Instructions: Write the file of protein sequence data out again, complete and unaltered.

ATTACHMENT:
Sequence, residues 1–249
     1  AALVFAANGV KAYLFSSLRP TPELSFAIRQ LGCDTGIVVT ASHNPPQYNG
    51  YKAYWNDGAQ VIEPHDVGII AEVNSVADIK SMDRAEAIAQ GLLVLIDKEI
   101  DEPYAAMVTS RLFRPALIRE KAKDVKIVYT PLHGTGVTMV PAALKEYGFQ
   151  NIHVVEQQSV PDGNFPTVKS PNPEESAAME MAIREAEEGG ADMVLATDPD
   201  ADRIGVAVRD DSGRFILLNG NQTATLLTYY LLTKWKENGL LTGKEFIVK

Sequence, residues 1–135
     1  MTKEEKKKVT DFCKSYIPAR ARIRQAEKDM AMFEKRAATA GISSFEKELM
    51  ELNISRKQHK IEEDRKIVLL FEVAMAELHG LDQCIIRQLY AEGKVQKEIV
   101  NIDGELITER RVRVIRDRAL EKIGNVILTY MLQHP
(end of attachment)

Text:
Sequence, residues 1–249
     1  AALVFAANGV KAYLFSSLRP TPELSFAIRQ LGCDTGIVVT ASHNPPQYNG
    51  YKAYWNDGAQ VIEPHDVGII AEVNSVADIK SMDRAEAIAQ GLLVLIDKEI
   101  DEPYAAMVTS RLFRPALIRE KAKDVKIVYT PLHGTGVTMV PAALKEYGFQ
   151  NIHVVEQQSV PDGNFPTVKS PNPEESAAME MAIREAEEGG ADMVLATDPD
   201  ADRIGVAVRD DSGRFILLNG NQTATLLTYY LLTKWKENGL LTGKEFIVK

Sequence, residues 1–135
     1  MTKEEKKKVT DFCKSYIPAR ARIRQAEKDM AMFEKRAATA GISSFEKELM
    51  ELNISRKQHK IEEDRKIVLL FEVAMAELHG LDQCIIRQLY AEGKVQKEIV
   101  NIDGELITER RVRVIRDRAL EKIGNVILTY MLQHP